NEW YORK--Thyroid cancer is diagnosed in an estimated 15,600 Americans every year. As with many cancers, early detection is the key to effective treatment. Yet because thyroid cancer is asymptomatic, an enlarged thyroid or nodule on the gland is often the only sign that a malignancy is present.
NEW YORK--Thyroid cancer is diagnosed in an estimated 15,600 Americansevery year. As with many cancers, early detection is the key to effectivetreatment. Yet because thyroid cancer is asymptomatic, an enlarged thyroidor nodule on the gland is often the only sign that a malignancy is present.
A simple self-examination technique will enhance early detection, accordingto the American Association of Clinical Endocrinologists (AACE). At a pressbriefing, Stanley Feld, MD, of the University of Texas Southwestern MedicalSchool, Dallas, introduced the new "neck check" examination andthe slogan, "Stick Your Neck Out, America."
Calling it the "forgotten cancer," Dr. Feld, who is co-chairof the AACE Thyroid Cancer Guidelines Task Force,said that public awareness of thyroid cancer is low, despite the fact thatit is twice as common as Hodgkin's disease and strikes as many people asmultiple myeloma and cervical, liver, and esophageal cancers.
"Between 50% and 60% of the American population has thyroid nodules,of which as many as 10% are cancerous," Dr. Feld said. "But ofan estimated 3 million thyroid cancers, fewer than 16,000 are diagnosedeach year." The opportunity for effective treatment and, in many cases,cure is thus lost to many.
With proper treatment, thyroid cancer has a high survival rate, Dr.Feld noted. "There are an estimated half million thyroid cancer patientsin the United States alive today, including many whose cancers were diagnosedand treated more than 40 years ago," he said.
The association calls on physicians to join the public education campaignby teaching the self-examination technique. Dr. Feld emphasized that abnormalitiesfound through the self-exam could be either an enlarged thyroid or a malignantgrowth. Referral should be made to a clinical endocrinologist for a fullevaluation, including a fine-needle aspiration biopsy of the thyroid todetermine whether cancer is present.
The thyroid self-examination, which should be performed monthly, requiresonly a hand-held mirror and a glass of water. The individual holds themirror so that the area of the neck just below the Adam's apple is visible,then tips back the head. After taking a sip of water, the person swallowswhile looking at the neck.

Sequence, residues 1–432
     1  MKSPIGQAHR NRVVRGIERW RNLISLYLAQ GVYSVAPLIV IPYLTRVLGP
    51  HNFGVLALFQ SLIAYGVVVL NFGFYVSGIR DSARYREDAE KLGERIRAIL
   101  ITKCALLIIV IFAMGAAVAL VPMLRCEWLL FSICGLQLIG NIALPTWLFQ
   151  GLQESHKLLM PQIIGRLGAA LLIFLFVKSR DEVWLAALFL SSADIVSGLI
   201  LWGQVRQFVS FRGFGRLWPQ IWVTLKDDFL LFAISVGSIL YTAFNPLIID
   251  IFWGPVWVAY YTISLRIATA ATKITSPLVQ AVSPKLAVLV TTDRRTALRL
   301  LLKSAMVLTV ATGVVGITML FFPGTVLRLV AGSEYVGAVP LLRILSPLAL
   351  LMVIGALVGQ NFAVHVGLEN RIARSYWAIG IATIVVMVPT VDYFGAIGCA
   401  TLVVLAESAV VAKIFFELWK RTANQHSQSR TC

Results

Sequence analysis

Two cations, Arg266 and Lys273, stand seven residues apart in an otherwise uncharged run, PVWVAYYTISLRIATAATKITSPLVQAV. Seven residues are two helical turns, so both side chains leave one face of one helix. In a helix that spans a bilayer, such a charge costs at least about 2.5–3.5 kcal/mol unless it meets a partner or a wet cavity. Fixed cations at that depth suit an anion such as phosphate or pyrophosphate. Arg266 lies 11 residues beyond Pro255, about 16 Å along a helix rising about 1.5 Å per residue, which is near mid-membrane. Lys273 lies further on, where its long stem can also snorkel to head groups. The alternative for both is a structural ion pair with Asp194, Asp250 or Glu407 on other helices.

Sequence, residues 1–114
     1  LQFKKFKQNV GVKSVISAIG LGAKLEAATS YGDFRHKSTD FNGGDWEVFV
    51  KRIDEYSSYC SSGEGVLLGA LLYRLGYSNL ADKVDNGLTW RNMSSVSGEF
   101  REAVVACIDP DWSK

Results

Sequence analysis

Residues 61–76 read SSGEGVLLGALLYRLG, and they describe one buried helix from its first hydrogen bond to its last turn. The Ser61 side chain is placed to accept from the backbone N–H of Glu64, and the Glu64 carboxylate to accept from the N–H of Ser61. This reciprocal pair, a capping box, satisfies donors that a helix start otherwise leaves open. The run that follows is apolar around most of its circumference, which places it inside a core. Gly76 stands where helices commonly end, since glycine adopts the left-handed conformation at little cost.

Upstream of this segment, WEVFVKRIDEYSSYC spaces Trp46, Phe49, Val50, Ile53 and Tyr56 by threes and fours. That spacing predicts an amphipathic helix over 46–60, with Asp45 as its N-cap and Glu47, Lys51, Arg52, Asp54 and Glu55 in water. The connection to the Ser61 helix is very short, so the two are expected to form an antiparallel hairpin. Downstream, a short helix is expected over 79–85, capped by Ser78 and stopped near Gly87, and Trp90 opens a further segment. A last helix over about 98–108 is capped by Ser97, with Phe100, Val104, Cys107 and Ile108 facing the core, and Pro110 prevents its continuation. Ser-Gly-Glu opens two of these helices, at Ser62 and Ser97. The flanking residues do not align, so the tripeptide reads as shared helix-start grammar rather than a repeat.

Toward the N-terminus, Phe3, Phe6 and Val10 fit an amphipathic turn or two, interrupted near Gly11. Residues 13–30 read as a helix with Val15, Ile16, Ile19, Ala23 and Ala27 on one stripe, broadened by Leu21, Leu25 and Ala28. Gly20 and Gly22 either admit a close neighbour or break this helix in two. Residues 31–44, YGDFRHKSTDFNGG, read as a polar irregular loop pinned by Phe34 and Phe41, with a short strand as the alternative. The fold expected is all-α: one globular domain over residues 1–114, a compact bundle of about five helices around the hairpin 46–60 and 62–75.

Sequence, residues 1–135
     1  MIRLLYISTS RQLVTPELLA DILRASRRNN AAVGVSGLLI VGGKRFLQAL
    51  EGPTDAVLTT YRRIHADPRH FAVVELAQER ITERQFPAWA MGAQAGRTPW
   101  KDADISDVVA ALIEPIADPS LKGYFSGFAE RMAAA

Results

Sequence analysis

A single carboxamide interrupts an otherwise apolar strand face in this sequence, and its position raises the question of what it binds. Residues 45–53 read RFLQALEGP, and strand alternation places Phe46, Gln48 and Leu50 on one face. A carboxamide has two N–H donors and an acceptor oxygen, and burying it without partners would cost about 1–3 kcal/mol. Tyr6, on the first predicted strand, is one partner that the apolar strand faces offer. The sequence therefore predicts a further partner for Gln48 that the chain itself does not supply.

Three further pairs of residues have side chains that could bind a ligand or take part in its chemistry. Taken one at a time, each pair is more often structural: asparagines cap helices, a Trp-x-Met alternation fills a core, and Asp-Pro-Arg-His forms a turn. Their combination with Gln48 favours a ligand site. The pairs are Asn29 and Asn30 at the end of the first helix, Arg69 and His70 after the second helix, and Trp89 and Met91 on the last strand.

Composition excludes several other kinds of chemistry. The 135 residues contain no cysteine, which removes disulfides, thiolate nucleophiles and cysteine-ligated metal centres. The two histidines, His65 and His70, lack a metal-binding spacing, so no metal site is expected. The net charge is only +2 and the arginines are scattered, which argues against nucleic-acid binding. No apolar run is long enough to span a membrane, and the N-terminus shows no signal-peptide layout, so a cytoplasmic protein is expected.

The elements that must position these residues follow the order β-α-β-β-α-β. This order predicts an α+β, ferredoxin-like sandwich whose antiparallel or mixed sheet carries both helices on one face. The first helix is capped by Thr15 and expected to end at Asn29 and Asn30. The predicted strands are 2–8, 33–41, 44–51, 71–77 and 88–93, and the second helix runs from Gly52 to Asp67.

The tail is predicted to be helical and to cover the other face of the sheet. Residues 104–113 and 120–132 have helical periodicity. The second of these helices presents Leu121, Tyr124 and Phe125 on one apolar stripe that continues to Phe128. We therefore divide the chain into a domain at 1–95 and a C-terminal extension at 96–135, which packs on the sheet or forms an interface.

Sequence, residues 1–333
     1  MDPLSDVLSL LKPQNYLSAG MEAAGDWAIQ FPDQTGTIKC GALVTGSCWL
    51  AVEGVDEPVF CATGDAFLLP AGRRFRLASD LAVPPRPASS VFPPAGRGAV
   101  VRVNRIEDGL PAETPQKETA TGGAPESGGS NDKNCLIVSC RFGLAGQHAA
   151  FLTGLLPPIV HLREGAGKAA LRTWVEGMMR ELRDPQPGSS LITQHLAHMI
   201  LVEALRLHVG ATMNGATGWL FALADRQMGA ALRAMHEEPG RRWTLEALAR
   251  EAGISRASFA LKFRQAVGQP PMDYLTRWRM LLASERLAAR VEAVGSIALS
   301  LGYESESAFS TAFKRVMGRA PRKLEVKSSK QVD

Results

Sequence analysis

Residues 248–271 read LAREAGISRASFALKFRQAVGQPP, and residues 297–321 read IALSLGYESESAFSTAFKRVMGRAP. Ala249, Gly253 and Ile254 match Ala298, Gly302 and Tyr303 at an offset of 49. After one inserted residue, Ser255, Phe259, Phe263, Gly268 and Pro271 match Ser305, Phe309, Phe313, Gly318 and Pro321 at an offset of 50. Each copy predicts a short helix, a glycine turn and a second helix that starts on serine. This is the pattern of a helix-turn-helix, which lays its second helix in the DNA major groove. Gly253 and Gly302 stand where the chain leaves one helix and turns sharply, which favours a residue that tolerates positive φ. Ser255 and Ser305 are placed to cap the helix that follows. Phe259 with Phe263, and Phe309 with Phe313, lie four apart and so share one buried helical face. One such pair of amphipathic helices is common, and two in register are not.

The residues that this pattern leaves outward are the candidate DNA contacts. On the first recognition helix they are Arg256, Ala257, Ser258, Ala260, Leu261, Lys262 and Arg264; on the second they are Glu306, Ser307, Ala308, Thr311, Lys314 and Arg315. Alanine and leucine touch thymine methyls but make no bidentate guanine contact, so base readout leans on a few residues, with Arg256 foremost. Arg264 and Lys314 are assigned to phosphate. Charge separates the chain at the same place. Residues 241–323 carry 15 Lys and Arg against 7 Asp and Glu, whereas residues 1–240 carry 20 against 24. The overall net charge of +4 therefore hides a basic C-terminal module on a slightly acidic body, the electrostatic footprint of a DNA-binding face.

If the thyroid is normal, a ridged area will be visible on the neckas the larynx moves with the swallowing action.
If bulges or protrusions are seen instead, the thyroid should be checkedby a medical professional.
AACE recommends the neck check be done once a month, and hopes thatit will become as routine as breast self-examination. Thyroid cancer mostcommonly strikes between the ages of 25 and 65, but even children shouldbe taught to do the neck check, Dr. Feld said. Further, he said, it shouldbe part of the routine medical examination. Physicians are urged to lookfirst and palpate only after observing the neck while the patient swallows.
People exposed to external radiation to the head and neck, a relativelycommon practice until the 1950s, are at greatest risk for developing thyroidcancer, he said. With its long latency period, thyroid cancer is showingup in patients who are now middle-aged.
Less commonly, some medullary thyroid carcinomas (MTC) may be familialand may be associated with one of the multiple endocrineneoplasia syndromes (MEN-2A and MEN-2B). For individuals with a familyhistory of MTC, genetic testing can be performed and, if a RET oncogenemutation is found, elective prophylactic thyroidectomy may be recommended.